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When humans presume the role of God, monsters are created. But which is the monster – the creator or the created? How far can humans go in disrupting the natural order before destroying themselves and what they’re attempting to create? Just because something can be done, does that mean it should be done? And if it’s done and it’s destructive, can we recover from it without further destruction?
Road Less Traveled’s “Frankenstein” grapples with these questions in a very strong production adapted and directed by David Oliver. This is the world-premier of this adaptation of Mary Shelley’s 1818 novel. The play is well written in that the above questions are addressed without it being pedantic. We are shown the results of hubris and obsession, rather than being told about them. The play is full of action and movement that create feelings of fear, compassion, and horror in the audience. This play is not for the faint of heart, and definitely not for children.
For those of you who never read the book or saw any of the movies, “Frankenstein” tells the story of a young scientist who has the bright idea of creating a powerful being from used body parts. This creation will be able to do the labor of many, and so free up humans to pursue more pleasurable things in life rather than spending 14-hour days in factories and mines. In other words, Victor Frankenstein decides to play God.
Victor successfully re-animates his cobbled-together creation, but like so many things in life, it doesn’t turn out the way he planned. He rejects the Creation, abandons it, and it is left to fend for itself in a very hostile world. It eventually enters a forest and is befriended by a Communist woodsman (the setting was changed by Oliver from 1800 to 1900). Through the friendship of the woodsman, the Creation learns to speak and develops the ability to love and feel compassion. What, then, is he to do with these all too human feelings and needs when he’s the only one of his kind in the world? The remainder of the play is a response to this question.
Steve Copps is superb as the Creation. He transforms from a beast-like, lurching, hulking, terrified creature into a feeling being over the course of the play. He knows what he is, is heartbroken, and conveys this in his movement, facial expressions, and voice. The depth of his feeling is palpable, as are his subsequent rage and desire for revenge.
Jonas Barranca as Victor Frankenstein is the obsessed, overwrought scientist who despises and abandons his creation, to his lasting anguish and sorrow. He is tormented by what he has done in creating a “monster,” but shows no compassion for his creation. Like Icarus, who flew too close to the sun, he has no choice but to fall to earth. And he lands very hard. Mr. Barranca plays this well if occasionally with a bit too much angst, and if he’s slightly wooden in his moments with the fair Elizabeth, isn’t this how a scientist might be when he’s out of his laboratory?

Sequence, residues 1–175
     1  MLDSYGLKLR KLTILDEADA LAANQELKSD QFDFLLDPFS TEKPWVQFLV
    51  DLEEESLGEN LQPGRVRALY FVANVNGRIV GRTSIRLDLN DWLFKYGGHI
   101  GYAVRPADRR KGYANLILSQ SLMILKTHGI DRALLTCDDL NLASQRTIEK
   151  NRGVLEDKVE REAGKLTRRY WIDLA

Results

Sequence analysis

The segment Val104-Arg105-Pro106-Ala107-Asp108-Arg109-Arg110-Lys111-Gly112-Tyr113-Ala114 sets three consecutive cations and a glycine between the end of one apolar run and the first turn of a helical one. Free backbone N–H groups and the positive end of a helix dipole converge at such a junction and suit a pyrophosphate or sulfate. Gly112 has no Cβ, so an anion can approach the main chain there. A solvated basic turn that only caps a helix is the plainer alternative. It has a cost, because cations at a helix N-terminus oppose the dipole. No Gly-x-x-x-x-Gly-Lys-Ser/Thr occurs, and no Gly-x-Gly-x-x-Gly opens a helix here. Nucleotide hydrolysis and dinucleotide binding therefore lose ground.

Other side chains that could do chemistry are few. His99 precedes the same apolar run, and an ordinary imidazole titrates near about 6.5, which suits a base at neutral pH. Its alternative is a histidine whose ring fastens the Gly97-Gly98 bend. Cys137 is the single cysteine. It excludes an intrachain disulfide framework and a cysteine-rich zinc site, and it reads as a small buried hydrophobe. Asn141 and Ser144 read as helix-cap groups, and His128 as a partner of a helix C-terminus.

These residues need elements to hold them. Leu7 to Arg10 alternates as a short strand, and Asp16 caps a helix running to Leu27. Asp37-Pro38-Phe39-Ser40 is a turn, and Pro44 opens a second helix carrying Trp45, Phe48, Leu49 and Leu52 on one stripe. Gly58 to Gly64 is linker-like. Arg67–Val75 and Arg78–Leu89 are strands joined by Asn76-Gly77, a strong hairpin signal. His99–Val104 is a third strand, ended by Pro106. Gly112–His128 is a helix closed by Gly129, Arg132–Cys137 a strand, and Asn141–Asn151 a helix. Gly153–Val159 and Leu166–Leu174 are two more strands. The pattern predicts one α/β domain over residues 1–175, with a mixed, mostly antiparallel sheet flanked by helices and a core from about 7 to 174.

John Profeta is playful and compassionate as Komarovski, the Communist woodsman. He is a delight to watch. His humor and love of life is counterpoint to the angry-young-man of Adam Yellen as the other Communist woodsman. Mr. Yellen’s dogmatism and fear – and don’t they always go hand-in-hand? – are the catalysts for the Creation’s final abandonment. The women in the play are stereotypical, long-suffering fiancé, wife, mother, servant. Candice Kogut (fiancé, wife) as Elizabeth brings a gentle loveliness but no real heat to her role. Marisa Caruso (wife, mother, servant) does a very good job as the dogmatic woodsman’s wife. She has a few humorous moments, along with Komarovski, in an otherwise very dark play. Gerry Maher as Victor’s father and Joel Fesmire as the child, William, round out a very good cast.
The set design by Dyan Burlingame and use of a large rectangular structure that acts as the electric machine that re-animates the Creature, a woodland hut, and Victor’s rural laboratory are very effective. Victor’s childhood home, all soft lighting, is on a platform upstage, as if it were remote not only from the audience, but from Victor himself. Lighting by John Rickus, music by Eric Burlingame and sound by Katie Menke are all in synch, creating fear, storms and a feeling of massive dark machines and industrial filth, a sense of terror, and a frozen barren world, as well as moments of compassion and love.
This is not an easy play to watch, but it does an excellent job of dramatizing the results of extreme narcissism, a lesson we can all pay attention to in this political climate. Gods and humans. Fathers and sons. What do we owe each other? And what happens when we fail each other? Victor Frankenstein opened his Pandora’s box, and truly, all that was left inside was Hope.
Performances of this World Premiere Adaptation by David Oliver are on Thursdays - Saturdays at 7:30pm and Sundays at 2:00pm through February 12, 2017 at the Road Less Traveled Theatre.
Sat Jan 21st → Sun Feb 12th
Days: Sun, Thu, Fri, Sat
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